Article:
Here is our education gamification proposal for the 2012 SXSWi.
I hope you will vote for us in the Panel Picker voting opening Monday, August 15 through Friday, September 2.
Will gamification frag my curriculum?
|Organizer||Honoria Starbuck Art Institute of Austin|
|Description||Boring! Young adults drag into class or training expecting to be bored. Teachers, researchers and trainers are fighting learner boredom and ennui through gamification. Gamification uses video game terminology and techniques to engage students the way a game actively engages players. However, game dynamics create urgent course design questions. For example, does a teacher give grades, or do students complete missions and raids to build points towards higher grades? We’ve found ways to use experience point systems to give students real agency over their grade points as they fulfill course objectives. Experimenting with achievement systems, we are learning new ways to provide formative feedback toward mastery of modules. The Art Institute of Austin trains students to be animators and game designers. A natural adoption of gamification is spreading and energizing the design curriculum. A big lesson in the quest for more engaged students is not to leave the good structure of instructional design behind when you gamify. What really happens when you use game strategies to create agency, immersion and transformation in face-to-face classes or training? This 2-person panel from the Art Institute of Austin reports from the trenches of design education. We will discuss real opportunities and threats when integrating games into learning communities. We encourage audience members to join a community of practice to further explore this exciting frontier in learning.|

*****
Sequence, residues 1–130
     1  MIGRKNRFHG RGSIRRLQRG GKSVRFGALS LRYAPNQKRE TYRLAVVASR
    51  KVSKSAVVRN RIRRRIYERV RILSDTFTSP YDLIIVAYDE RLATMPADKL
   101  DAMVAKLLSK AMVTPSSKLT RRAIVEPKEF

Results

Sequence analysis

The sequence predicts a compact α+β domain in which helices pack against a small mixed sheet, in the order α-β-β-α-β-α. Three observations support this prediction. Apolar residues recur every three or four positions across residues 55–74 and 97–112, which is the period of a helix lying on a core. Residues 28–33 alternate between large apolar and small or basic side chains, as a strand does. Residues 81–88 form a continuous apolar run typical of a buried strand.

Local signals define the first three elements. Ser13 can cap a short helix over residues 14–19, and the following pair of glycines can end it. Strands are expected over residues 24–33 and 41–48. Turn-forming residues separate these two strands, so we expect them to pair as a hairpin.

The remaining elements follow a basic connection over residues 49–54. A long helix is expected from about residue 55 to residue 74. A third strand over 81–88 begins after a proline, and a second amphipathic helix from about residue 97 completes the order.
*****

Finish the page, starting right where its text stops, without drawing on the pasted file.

|Supporting Material||Seth Priebatsch SXSWi 2011 Keynote http://sxsw.com/node/6999 Jane McGonigal, Reality is Broken http://janemcgonigal.com/ Bayless and Schwartz, Instructional design as game design http://portal.acm.org/citation.cfm?id=1536526|
|Category||Education / Online Learning|
|Tags||educational games, game layer, teaching|